Ah ok, I suppose that shines some light on things. I just feel like there's a lack of home videos capturing the incredible event as it unfolded. Guess no one was really expecting that.

I took another ride on Saturday, this time to Tuckerton in southern Ocean County. The cleanup process was a lot slower and more gruesome than Belmar's. The town took on 5 feet of water and the beach section (on the Great Bay) lost ~130 homes. There were several bare foundations, boarded up houses that said things like "SANDY SUCKS" and "STAY STRONG TUCKERTON", the classic boats in the street, and even entire houses still sitting in the lagoon, a month after the storm.

Not to mention there was visible wind damage driving through winding Pine Barren roads and on the Parkway. An especially hard hit section was the causeway across the Mullica River/Great Bay, a wetland area about 10 miles north of AC. Signs were blown over and some were totally wrecked. No doubt parts of that were underwater during the peak. The damage on the Parkway is almost convenient though; the widening project has almost reached that section and the signs were going to be torn down and upgraded anyway.

I'm strongly opposed to that by the way. The Parkway runs through very sensitive areas and was NOT built with further expansion in mind. The causeway I just mentioned is built on reclaimed land that doesn't look like it can handle the existing four lanes let alone six, yet they're certainly going to try and make it.

Sorry I keep bringing up the storm and my aftermath adventures guys! It's not often there's a major disaster zone 40 miles away from me, lol.
Member Since: August 28, 2008 Posts: 79 Comments: 3320
SL @ 209 & 217 Towns with restrictions locally are Spring Lake, Belmar, Bradley Beach and Avon. Problems are primarily due to access restrictions and bridge failures. The surge hit at dusk to 3 hours after sunset. Power was out at the shore by sunset. Curfew was in progress from about 1600. Drive in salt water and toss the car. Getting hit by debris can dampen your spirits. Trees and downed power lines and other flying inorganic stuff not healthy in winds gusting to 60 kts. Lots of vids the next morning but few folks out in storm and fire, police and first aid too busy to look. Hope this answers some questions.
Member Since: February 27, 2009 Posts: 0 Comments: 2650
BTW, it warmed up here and we got some rain so just about all of last week's 6" of snow is GONE. And it will be even warmer tomorrow.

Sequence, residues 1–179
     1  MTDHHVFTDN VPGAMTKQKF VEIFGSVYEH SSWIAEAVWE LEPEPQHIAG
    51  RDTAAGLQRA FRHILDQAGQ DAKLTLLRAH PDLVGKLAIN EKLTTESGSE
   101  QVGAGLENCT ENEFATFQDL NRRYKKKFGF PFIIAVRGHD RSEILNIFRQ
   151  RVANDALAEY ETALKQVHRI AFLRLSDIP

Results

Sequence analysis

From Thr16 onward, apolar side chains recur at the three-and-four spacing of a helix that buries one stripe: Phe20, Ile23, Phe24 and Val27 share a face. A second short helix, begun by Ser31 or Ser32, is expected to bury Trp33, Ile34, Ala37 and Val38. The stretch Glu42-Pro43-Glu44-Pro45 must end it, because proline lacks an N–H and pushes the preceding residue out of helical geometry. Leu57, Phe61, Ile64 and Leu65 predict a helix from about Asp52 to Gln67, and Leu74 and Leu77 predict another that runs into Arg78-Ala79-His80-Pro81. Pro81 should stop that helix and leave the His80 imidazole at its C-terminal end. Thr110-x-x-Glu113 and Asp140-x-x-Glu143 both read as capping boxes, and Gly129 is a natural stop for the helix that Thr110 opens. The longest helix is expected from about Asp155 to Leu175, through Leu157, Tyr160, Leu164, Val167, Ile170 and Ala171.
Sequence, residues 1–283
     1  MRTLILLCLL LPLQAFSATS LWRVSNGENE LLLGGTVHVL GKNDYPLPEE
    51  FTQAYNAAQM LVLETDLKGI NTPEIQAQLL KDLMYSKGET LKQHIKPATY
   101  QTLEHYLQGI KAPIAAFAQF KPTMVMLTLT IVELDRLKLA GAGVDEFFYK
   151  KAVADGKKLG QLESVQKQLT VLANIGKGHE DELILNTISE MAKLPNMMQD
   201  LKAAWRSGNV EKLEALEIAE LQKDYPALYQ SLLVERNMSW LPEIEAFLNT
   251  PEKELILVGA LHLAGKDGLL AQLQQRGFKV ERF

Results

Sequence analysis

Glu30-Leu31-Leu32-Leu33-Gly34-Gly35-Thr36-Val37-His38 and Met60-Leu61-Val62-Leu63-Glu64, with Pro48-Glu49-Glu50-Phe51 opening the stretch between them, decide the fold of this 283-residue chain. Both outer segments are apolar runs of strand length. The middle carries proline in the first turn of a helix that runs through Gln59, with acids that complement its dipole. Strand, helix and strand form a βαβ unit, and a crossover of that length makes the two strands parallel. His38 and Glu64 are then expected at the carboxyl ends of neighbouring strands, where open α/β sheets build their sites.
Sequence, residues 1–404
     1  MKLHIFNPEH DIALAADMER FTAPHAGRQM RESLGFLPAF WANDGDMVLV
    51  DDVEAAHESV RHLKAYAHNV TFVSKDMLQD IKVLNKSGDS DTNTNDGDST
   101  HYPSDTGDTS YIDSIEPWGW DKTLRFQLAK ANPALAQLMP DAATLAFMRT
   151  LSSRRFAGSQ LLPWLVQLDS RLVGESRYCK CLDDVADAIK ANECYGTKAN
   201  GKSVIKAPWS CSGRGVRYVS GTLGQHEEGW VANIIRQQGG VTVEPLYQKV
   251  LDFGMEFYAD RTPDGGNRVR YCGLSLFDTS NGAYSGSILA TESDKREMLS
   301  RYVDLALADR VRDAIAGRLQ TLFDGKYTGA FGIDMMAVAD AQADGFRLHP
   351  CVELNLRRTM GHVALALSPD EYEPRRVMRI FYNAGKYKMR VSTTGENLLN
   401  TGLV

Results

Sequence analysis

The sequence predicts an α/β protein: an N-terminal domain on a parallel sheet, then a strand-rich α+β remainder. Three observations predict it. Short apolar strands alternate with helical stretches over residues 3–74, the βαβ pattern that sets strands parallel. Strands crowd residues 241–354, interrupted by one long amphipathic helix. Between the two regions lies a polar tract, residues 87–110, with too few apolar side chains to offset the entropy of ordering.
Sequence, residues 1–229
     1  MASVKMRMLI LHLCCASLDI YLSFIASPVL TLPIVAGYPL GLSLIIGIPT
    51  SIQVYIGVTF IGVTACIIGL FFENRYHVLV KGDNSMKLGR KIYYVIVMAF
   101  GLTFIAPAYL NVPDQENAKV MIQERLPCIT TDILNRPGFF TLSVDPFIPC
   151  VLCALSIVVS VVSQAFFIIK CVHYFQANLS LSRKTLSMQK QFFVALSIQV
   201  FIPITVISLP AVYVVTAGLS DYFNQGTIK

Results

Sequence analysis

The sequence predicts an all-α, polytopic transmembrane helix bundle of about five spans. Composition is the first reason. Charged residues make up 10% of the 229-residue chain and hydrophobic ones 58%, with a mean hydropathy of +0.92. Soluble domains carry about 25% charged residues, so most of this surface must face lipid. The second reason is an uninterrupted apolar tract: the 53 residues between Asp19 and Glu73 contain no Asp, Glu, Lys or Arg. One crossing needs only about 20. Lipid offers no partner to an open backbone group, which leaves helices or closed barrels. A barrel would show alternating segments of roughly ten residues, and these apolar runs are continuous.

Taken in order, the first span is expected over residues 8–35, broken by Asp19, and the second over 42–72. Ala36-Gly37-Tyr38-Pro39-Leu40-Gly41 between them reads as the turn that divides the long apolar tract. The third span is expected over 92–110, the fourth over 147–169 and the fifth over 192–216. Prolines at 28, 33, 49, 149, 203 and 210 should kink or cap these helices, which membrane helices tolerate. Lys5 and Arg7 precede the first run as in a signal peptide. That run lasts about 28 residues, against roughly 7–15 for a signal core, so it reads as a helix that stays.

Member Since: July 11, 2007 Posts: 0 Comments: 5405
Pcroton, that is indeed interesting about Japan! I wonder if that could be part of why a tunnel collapsed a bit SW of Tokyo this past weekend. My daughter is in Japan and was out site seeing when the tunnel collapsed, so we sure were glad to hear from her and know that all was okay with her.
Member Since: July 11, 2007 Posts: 0 Comments: 5405
Quoting Blizzard92:

Thanks! Alright semester, all of my courses are math and science intensive so I definitely miss my liberal arts classes. Next semester are some economics classes, which I am anxious to take to give some relief to the differential equations coming up in spring.


You are wise to soften a semester that has Diff E in it. My husband had to take that for his Electrical Engineering degree and says that for each problem it takes about a half hour to work out the solution. And if your answer isn't correct you get to spend the next half hour trying again. Heh.

Will you be required to take Multidimensional Calculus after that? Hope not. ;-)
Member Since: July 11, 2007 Posts: 0 Comments: 5405
P, exactly which towns are you talking about? Just curious. I feel like I have a pretty good idea as to what happened up there. It can't get much worse than what I saw in Mantoloking. And I think the media definitely highlighted the end result of Sandy in Seaside and elsewhere in Ocean and Monmouth Counties. I think some of the most shocking pictures came from Staten Island and the Raritan Bayshore region. Given the angle of approach, this comes as no surprise.

This may be a dumb question but why is that no one was able to capture just how devastating the event was to the Jersey Shore as it happened? Why aren't there videos of Seaside Heights getting swallowed up by storm surge? Was it because the slow progress of the water rise? I just feel like the 'during the storm' videos I'm seeing do not correlate to the level of devastation seen afterwards. They seem pretty benign, honestly. It seems like there are TONS of good clips of Katrina's breathtaking storm surge. Obviously the damage doesn't lie, but I can't find a good video of Sandy's storm surge in NJ. You can't possibly tell me that no one who stayed in the mandatory evacuation zone didn't at least have access to a phone that takes videos.

There are a lot of convincing videos in Manhattan and on Long Island though.
Member Since: August 28, 2008 Posts: 79 Comments: 3320
Very interesting information Pcro. I did not know that about Japan. I wonder why it hasn't been reported.

Blizz - I think you will do fine with DiffEQ. Economics wasn't my favorite classes. I found them a bit boring. Maybe because I was more interested in Science and Math.

Temps got in the low 60's here today and forecasted for 70F tomorrow. I don't mind it one bit. It was enjoyable to be out in shortsleeves.
Member Since: January 26, 2007 Posts: 72 Comments: 6233
Quoting originalLT:
Check out Levi32's Blog about the possibilities for this winter here in the North East and Middle Atlantic.
Thanks for this, LT! A hot tip for sure. Excellent videoclip that explains what's happening in terms even I can understand. Really interesting winter coming up! I think. Eventually. Unless it's "stolen."
Member Since: December 18, 2009 Posts: 0 Comments: 1210
Hi all. Sunny and warm here. Can't believe it's December. Can't see this going on all winter.

I'm glad you're getting back to the office, P, and congratulations on your snow, Listener, and happy end of semester, Blizz!
Member Since: December 18, 2009 Posts: 0 Comments: 1210
Check out Levi32's Blog about the possibilities for this winter here in the North East and Middle Atlantic. I know Heavy, you have all ready!.